When the Rowan Midland was converted to a production platform, InterMoor took care of its mooring system and followed the FPU Innovator over 8 years with life-of-field services all the way to decommissioning.
Location: Gomez Field, Mississippi Canyon Block 711
Region: Gulf Mexico
Water Depth: 2,986 ft. (910 m)
Scope of Work: mooring design, project management, procurement, installation and hook-up of the mooring system.
Due to limited space onboard the platform, smaller chain jacks were installed for the 4 supplemental legs, however chain lockers were not able to be installed. Instead, a hawse pipe extending from deck level down to the hull pontoons was used to route the excess inboard chain into the water where it was kept hanging below the platform. Proper management of this unique setup of inboard chain was crucial throughout the life of the platform.
The management of the inboard chain included a series of deadman slings and straps used to hold the excess chain weight and create multiple chain drapes so as not to overload the backside of the chain jacks during operations. This required coordinating with divers to assist with these operations.
The 12-leg mooring system consisted of suction embedded plate anchors (SEPLA), stud link chain, subsea connectors and polyester mooring ropes. This was leading-edge technology at the time, as it was only the third permanent polyester mooring system installed in the Gulf of Mexico and the first permanent SEPLA mooring.
2011: MAINTENANCE & UPGRADE
Scope of Work: mooring line inspection, change-out of all rig wires, and upgrade of five (5) of the mooring legs due to new Metocean regulations and possible life extension. upgraded mooring analyses, regulatory interface, procurement of mooring components and personnel.
Challenges: Performing and finalizing the analysis/design for a partially upgraded mooring system in order to meet the update Metocean criteria along with identifying critical components to be replaced presented unique challenges. During the upgrade campaign, simultaneous operations (SIMOPS) were key to successful operations. Limited crane access and confined work space presented challenges onboard the FPU when replacing the rig wires.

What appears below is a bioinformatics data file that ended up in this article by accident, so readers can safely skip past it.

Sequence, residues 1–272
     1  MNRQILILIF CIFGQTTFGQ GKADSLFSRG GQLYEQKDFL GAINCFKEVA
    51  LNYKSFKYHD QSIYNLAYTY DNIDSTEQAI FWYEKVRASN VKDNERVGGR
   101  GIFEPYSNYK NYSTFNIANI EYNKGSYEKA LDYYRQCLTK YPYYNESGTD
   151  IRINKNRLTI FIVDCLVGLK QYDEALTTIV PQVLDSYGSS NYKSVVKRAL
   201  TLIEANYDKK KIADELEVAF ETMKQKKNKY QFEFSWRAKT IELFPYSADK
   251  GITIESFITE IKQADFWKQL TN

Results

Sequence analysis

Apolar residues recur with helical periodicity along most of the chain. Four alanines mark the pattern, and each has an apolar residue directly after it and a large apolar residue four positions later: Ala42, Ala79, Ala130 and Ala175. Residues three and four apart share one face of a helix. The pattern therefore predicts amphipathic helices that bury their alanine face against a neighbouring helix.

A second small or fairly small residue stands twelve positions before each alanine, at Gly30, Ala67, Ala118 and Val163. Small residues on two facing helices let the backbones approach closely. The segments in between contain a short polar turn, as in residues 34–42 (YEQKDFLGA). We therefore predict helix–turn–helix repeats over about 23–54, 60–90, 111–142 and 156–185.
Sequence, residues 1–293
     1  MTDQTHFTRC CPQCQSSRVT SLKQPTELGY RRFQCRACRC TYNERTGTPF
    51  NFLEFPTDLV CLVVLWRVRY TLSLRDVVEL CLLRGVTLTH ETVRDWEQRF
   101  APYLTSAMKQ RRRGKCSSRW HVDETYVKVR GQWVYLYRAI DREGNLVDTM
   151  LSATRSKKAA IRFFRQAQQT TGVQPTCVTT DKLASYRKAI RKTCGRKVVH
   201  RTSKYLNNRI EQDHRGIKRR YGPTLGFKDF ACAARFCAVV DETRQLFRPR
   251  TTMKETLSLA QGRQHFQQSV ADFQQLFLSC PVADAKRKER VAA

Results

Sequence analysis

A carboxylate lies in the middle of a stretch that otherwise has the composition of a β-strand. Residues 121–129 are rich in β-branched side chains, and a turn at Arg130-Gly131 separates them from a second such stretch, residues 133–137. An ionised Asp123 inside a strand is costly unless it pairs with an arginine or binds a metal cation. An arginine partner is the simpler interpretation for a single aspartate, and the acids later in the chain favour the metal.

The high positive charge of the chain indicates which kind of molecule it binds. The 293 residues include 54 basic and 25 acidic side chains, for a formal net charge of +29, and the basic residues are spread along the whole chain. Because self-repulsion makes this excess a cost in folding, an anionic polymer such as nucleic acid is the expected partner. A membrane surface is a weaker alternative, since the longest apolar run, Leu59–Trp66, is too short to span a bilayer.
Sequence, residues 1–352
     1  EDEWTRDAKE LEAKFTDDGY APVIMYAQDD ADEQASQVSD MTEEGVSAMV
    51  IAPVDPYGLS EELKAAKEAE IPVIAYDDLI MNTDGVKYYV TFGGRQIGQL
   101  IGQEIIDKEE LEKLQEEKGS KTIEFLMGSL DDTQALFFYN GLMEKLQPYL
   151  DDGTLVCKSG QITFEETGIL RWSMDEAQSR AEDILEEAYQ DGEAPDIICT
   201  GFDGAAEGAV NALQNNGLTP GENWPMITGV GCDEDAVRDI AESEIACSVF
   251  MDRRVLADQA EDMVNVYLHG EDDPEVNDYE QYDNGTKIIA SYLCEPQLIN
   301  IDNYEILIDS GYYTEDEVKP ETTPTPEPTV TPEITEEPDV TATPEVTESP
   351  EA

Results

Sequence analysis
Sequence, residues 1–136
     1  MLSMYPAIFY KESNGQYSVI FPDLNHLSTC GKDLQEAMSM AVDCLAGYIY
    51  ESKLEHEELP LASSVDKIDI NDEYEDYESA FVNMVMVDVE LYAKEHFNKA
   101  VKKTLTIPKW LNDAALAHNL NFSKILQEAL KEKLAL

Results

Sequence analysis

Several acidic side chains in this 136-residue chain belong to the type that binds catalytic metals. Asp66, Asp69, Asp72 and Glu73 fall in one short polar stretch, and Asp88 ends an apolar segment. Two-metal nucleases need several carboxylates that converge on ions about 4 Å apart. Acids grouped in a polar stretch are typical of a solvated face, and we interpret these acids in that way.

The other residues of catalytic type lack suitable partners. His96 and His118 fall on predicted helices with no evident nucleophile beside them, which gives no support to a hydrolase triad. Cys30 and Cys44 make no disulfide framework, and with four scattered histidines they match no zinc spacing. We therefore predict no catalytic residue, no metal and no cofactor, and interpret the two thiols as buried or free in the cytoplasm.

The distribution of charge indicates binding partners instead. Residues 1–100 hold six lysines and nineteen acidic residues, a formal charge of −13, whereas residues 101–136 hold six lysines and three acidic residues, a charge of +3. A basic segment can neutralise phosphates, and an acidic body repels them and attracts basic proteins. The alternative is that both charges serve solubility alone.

Multiple iterations, using updated directional site-specific data, and detailed analytical modeling was used in identifying all mooring components, including connectors, for selected mooring lines that needed to be upgraded/replaced. While working onboard the FPU replacing the rig wires, strategic placement of rigging equipment and clear communications was essential to safe and successful operations.
Scope of Work: Disconnect of all 10 risers/umbilicals. Disconnect of all 12 mooring lines, procedures for disconnect and tow, procurement of rigging and tow equipment for all vessels , personnel for operations and tow of the Innovator hull to Ingleside, TX.
During the decommissioning, the anchor handling vessel needed to be within 70 ft. of the platform when transferring the riser load from the platform to the vessel. It was a challenge to lay down the risers along the prescribed path with the section of the riser being buoyant due to buoyancy modules and therefore stiffer than the rest of the riser.
To prescribe how the AHV needs to navigate while laying the risers, a detailed numerical analysis was performed to predict riser behavior. The as-laid positions ended up being within 50ft of predictions, which was very satisfactory. Multiple coordination meetings were held between all the parties involved in the tow to ensure proper understanding and sharing of duties.
Tow to Ingleside